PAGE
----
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Bisexual Men Living with HIV: Wellbeing, Connectedness and the Impact of Stigma

conference contribution
posted on 14.12.2021, 22:43 authored by Stephanie Amir
Social research with people living with HIV (PLHIV) rarely distinguishes between gay men and bisexual men. However, bisexual men may have unique experiences of HIV-related stigma and distinct support needs. In this paper, findings are presented from a cross-sectional survey of Australian PLHIV, which included the Berger (HIV) stigma scale. A total of 872 PLHIV completed the survey, of which 48 (6.0%) were bisexual men. Bisexual men reported higher levels of internalised HIV-related stigma, greater negative self-image and poorer emotional wellbeing than gay men. Bisexual men also reported less social support, less connection with lesbian, gay, bisexual, transgender and queer (LGBTQ) communities, and less connection with other PLHIV. Analysis of data from an open-text question revealed feelings of social isolation and fear of rejection was associated with participant’s HIV diagnosis. Study findings suggest that existing social supports for PLHIV may not adequately address the unique support needs of bisexual men.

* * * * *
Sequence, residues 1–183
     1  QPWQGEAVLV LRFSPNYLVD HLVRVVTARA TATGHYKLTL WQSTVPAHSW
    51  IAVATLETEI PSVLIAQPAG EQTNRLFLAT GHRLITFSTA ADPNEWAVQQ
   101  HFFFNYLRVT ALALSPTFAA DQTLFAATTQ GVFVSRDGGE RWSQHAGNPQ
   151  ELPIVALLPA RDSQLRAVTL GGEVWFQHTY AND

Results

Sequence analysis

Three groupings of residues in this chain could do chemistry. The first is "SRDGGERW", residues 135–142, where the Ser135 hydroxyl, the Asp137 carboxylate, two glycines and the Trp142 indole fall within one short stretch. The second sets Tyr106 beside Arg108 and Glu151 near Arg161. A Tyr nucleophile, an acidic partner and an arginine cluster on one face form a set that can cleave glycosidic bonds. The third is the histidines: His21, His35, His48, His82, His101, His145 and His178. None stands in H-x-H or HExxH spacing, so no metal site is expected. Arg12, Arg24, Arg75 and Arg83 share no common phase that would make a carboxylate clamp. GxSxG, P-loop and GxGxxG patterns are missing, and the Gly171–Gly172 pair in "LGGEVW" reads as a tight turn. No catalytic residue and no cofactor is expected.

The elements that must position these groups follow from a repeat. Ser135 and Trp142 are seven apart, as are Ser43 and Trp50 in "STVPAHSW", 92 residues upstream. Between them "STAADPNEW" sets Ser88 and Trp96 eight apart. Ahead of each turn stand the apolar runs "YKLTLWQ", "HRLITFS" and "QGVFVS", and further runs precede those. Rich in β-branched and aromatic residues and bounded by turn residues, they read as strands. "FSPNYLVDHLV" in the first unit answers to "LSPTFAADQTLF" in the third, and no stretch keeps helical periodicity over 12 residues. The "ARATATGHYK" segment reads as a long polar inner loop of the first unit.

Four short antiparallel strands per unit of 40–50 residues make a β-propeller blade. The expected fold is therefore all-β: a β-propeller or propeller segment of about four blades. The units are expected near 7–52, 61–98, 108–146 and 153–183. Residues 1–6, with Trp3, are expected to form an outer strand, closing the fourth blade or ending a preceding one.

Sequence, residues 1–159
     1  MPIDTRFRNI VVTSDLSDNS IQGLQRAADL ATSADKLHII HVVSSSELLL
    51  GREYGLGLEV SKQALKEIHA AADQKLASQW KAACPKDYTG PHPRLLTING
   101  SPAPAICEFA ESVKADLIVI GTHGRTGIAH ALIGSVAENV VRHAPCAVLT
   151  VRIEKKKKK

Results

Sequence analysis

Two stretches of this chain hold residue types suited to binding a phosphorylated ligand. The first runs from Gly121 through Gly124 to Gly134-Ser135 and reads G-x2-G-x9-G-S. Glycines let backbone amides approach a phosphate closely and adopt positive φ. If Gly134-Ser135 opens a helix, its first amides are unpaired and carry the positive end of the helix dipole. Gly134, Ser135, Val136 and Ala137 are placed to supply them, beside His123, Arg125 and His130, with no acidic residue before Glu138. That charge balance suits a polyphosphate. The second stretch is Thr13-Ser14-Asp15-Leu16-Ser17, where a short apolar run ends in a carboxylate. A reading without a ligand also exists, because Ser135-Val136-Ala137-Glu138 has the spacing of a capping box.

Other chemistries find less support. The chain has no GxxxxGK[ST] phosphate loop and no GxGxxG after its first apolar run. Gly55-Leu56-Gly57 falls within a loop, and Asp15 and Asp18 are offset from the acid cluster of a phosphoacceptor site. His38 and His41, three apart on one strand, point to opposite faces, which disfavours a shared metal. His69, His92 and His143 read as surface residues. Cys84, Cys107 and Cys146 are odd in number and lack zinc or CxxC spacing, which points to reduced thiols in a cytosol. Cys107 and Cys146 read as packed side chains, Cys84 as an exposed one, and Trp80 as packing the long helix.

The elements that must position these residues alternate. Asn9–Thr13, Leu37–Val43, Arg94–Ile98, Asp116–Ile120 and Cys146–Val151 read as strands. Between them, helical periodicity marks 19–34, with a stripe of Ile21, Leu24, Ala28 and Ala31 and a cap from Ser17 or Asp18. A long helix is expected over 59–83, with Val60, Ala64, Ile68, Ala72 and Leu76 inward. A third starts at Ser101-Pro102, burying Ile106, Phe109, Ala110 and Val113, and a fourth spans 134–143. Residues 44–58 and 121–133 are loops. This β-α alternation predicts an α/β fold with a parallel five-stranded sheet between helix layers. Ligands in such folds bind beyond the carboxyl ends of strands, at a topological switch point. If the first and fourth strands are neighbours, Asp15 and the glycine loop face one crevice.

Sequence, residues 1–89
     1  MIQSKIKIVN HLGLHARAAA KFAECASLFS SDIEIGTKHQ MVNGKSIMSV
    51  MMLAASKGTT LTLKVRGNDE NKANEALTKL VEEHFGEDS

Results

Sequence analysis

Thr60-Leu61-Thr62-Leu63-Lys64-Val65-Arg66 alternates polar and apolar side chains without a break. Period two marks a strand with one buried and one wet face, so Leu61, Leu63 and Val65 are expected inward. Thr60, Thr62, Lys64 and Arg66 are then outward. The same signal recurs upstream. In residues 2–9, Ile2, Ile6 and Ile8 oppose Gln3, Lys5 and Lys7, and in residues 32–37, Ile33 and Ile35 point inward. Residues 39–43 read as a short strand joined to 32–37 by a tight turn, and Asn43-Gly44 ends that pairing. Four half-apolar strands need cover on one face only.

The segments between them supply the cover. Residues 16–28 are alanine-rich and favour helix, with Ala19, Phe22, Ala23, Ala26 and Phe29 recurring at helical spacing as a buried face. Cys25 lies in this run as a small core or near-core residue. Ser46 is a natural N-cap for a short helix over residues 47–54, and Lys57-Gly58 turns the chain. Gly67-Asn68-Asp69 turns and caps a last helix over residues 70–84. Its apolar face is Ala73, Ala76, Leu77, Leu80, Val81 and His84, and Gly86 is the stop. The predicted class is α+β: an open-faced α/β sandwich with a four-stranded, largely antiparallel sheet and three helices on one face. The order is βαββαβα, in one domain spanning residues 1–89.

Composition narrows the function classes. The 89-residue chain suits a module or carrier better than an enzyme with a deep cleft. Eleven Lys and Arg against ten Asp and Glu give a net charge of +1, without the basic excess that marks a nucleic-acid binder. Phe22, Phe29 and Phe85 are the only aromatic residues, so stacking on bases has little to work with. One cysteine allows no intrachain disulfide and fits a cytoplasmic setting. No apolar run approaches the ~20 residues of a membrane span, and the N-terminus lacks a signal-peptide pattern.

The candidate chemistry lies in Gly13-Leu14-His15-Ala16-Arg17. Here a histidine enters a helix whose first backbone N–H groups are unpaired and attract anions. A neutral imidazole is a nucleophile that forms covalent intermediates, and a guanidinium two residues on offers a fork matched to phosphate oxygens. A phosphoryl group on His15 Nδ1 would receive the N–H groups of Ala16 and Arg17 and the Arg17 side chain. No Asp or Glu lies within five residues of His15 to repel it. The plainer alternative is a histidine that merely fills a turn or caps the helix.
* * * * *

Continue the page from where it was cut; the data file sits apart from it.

Conference presentation abstract and recording can be found here: https://ashm.eventsair.com/QuickEventWebsitePortal/joint-sh-and-hivaids-conferences-2019/online-program/Agenda/AgendaItemDetail?id=8cbf4292-b3a8-4c51-b5ab-f2d167969aa0

Funding

This project was funded by the Australian Department of Health.

History

Publication Date

17/09/2019

Proceedings

ASHM Joint Australasian Sexual Health and HIV&AIDS Conferences

Publisher

Springer and Plenum Publishers

Place of publication

Sydney, Australia

ISSN

1090-7165

Name of conference

ASHM Joint Australasian Sexual Health and HIV&AIDS Conferences

Location

Perth

Starting Date

16/09/2019

Finshing Date

19/09/2019

Rights Statement

The Author reserves all moral rights over the deposited text and must be credited if any re-use occurs. Documents deposited in OPAL are the Open Access versions of outputs published elsewhere. Changes resulting from the publishing process may therefore not be reflected in this document. The final published version may be obtained via the publisher’s DOI. Please note that additional copyright and access restrictions may apply to the published version.

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